Editorial: The foundation of charity

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Legally, the Arthur Nibbs Foundation is a non-entity at this point in time. It is a name that is being used by the Member of Parliament for the Barbuda constituency for collecting money, for what we presume are various causes. It would be akin to Maria BirdBrowne’s Share Foundation, except Share is registered, and people give money to the foundation based upon the foundation’s stated mission.
You could jump up tomorrow and say that you have a foundation (in your name) and you are collecting money for charity. To do it right, you would have to register and be absolutely transparent about how the money is collected and distributed. You would have to account for every penny!
To a large extent, there is absolutely nothing wrong with starting a foundation. People do it all the time. People of means or those who have the ability to raise funds from third parties usually start it. Arthur Nibbs certainly falls into the second category as he has proven with the recent donation from American University of Antigua (AUA) for Barbuda restoration. The thing that everyone wants to know is how is he accounting for the money, and why isn’t he legally registered?
Other obvious questions arise. Have others given to the foundation? If so, how much? How do we know who gives and how much? How much is retained by the foundation for administrative work and expenses? Does Arthur Nibbs receive a salary or any remuneration from the charity? Do the directors? And, the list goes on.
These, and others, are basic questions that should be asked of all foundations and charities, and, if they cannot answerthem, then you are best to move on to another one that can.
Nibbs’ defenders have strong criticism for anyone asking questions about the foundation and label any investigation as a political witchhunt. Nothing could be further from the truth. These are just basic questions that should be asked of any foundation. Certainly from our perspective, this is not a political issue; it is more of an administrative one. We have consistently warned people of possible fraudulent fundraisers, especially as it relates to Barbuda. And, for the purpose of full clarity, we are not asserting that Minister Nibbs is doing anything untoward, only that there are basic questions that any bonafide foundation or charity should be willing and able to answer, including the Arthur Nibbs Foundation.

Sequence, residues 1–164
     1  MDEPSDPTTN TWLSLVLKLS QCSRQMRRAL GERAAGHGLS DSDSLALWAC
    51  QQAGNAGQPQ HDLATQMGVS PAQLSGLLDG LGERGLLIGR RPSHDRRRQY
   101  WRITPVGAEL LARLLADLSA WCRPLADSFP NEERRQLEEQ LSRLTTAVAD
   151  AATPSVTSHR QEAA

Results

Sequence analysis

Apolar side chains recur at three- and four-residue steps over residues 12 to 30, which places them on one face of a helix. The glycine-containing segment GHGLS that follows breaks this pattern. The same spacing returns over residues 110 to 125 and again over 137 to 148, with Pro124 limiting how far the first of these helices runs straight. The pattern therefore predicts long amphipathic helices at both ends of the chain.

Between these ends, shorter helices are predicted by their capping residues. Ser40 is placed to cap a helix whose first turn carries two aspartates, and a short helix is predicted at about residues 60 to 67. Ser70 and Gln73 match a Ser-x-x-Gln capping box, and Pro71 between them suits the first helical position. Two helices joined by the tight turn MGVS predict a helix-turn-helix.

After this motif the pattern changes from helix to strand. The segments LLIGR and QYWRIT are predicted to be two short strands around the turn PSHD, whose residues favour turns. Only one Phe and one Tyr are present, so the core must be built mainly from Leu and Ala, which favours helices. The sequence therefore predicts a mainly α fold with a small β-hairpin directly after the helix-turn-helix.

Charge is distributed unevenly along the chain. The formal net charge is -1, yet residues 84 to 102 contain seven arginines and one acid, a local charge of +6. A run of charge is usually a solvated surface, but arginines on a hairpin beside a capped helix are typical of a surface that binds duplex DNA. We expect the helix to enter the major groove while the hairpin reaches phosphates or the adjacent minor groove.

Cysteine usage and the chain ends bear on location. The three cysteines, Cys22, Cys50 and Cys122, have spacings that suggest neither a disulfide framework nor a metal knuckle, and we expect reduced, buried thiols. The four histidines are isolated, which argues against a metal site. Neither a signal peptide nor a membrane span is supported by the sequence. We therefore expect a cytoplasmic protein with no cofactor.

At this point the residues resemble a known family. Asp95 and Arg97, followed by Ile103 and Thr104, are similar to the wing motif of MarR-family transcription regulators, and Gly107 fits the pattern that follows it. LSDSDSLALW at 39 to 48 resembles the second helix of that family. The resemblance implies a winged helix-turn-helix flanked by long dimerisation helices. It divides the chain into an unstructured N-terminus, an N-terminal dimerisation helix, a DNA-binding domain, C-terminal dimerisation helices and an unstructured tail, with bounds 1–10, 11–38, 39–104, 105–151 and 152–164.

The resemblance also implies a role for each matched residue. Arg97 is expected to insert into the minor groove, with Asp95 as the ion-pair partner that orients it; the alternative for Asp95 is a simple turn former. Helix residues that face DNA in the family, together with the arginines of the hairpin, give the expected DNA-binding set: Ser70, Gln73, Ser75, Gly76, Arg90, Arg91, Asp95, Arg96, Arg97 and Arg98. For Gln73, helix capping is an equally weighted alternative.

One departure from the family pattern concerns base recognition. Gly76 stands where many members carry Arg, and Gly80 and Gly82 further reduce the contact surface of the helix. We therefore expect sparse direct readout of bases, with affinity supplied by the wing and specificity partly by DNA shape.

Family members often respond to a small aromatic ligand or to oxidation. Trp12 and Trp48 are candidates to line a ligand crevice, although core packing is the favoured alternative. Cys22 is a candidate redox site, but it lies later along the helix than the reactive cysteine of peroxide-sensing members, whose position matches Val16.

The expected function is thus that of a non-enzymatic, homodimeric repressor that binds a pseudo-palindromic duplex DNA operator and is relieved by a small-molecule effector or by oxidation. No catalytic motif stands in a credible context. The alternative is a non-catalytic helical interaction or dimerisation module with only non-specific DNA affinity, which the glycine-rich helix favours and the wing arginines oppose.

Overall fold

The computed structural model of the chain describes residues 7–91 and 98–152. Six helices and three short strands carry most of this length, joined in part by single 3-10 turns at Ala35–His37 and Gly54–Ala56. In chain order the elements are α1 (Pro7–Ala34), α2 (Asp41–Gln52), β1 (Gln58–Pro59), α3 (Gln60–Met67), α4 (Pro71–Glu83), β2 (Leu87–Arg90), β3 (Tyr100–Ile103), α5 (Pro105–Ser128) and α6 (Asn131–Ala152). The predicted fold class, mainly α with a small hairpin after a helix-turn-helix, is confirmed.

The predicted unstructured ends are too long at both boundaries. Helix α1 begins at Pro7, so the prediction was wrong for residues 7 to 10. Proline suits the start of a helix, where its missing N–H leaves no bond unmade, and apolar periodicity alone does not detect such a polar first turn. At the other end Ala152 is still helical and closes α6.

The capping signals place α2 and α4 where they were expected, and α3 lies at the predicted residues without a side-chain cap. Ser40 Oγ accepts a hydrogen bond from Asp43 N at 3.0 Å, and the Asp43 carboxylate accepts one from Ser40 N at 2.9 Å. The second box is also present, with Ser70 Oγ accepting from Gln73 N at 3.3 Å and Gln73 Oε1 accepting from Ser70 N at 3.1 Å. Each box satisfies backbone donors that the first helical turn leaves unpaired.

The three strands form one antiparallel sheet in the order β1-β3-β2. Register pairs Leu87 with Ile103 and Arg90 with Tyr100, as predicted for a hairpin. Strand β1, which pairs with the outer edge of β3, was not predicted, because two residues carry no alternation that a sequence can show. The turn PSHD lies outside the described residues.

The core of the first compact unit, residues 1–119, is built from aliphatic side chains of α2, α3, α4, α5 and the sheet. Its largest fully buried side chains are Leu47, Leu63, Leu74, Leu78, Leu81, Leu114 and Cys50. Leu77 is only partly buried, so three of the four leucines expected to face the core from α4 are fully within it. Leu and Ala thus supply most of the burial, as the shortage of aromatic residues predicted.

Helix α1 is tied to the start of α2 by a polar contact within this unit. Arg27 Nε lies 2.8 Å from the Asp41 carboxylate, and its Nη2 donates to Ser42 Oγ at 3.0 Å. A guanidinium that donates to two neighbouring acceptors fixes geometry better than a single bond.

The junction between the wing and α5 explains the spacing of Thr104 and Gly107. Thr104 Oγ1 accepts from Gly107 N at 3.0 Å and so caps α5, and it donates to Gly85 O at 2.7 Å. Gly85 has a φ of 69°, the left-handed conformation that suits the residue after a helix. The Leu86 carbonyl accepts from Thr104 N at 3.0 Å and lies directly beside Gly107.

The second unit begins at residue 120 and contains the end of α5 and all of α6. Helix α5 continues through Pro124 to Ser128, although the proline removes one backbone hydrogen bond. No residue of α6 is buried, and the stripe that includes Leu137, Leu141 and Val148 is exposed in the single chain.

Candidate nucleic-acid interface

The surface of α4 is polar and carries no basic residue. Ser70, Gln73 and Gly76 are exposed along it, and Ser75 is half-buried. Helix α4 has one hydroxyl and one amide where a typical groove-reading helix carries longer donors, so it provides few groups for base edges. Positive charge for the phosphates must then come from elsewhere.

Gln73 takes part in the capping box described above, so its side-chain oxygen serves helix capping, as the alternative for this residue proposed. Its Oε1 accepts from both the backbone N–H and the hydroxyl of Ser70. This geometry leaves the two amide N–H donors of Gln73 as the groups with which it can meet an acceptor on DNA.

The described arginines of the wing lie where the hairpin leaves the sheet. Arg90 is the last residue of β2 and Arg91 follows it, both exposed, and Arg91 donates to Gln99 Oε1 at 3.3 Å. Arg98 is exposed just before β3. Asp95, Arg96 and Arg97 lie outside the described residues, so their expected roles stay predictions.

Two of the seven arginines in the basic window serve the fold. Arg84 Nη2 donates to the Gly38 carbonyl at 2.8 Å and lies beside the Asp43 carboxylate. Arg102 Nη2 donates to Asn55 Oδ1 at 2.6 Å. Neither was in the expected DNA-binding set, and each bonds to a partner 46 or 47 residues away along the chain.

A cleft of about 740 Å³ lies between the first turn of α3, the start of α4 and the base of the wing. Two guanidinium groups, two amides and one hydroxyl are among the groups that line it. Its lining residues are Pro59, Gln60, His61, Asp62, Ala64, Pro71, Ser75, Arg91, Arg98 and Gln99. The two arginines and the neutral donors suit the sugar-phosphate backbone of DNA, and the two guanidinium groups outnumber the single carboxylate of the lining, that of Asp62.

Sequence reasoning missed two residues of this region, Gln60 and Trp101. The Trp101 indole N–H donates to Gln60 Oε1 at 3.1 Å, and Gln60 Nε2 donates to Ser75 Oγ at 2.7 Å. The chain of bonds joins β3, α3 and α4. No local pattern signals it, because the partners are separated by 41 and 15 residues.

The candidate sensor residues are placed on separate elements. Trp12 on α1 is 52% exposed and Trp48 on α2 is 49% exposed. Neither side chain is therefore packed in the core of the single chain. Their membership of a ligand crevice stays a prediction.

Plus, there is an overarching question of why funnel Barbuda support funds through yet another avenue? As the representative for Barbuda, we would expect that Nibbs would promote and direct all donations to the already established entities, such as the National Office for Disaster Services (NODS) and the government of Antigua and Barbuda.
When it comes to foundations/charities, where it begins to get messy is when you say that you are collecting “on behalf of.” Unless there is consultation and buy-in by the target group or entity, persons should not seek to utilize circumstances to solicit funds unless in a committed partnership.
Let’s just take a look at the popular gofundme.com website. A search for “Barbuda” delivers 799 results. Obviously all of these are not hurricane related donation pages, but a good many are. In the 50 or so that we sampled, the amount raised approached a quarter million United States dollars! That includes a page hosted by the American University of Antigua, which has raised US $64,185.
Now, it is probably on everyone’s minds: how much of all the funds raised on that site, by all of those fundraisers, will eventually reach Barbudans in need? How many are simply parasites taking advantage of a bad situation and people’s good intentions? The depressing answers to those questions are why it is very important for a coordinated approach to fundraising.
This could just be a case of Minister Nibbs leaving the details to his directors who, in turn, let him down. If that is the case, then we are sure he will be having a very unpleasant discussion with them.
Be that as it may, the foundation carries Arthur Nibbs’ name and ultimately, he is responsible for it. Deferring questions to his directors is not helping the transparency part of the foundation; and that is absolutely necessary. It would do Mr. Nibbs and his foundation a world of good to be open and honest about the foundation, its mission and the activity to date. To do any less will damage any respectability the foundation has or is seeking to obtain.

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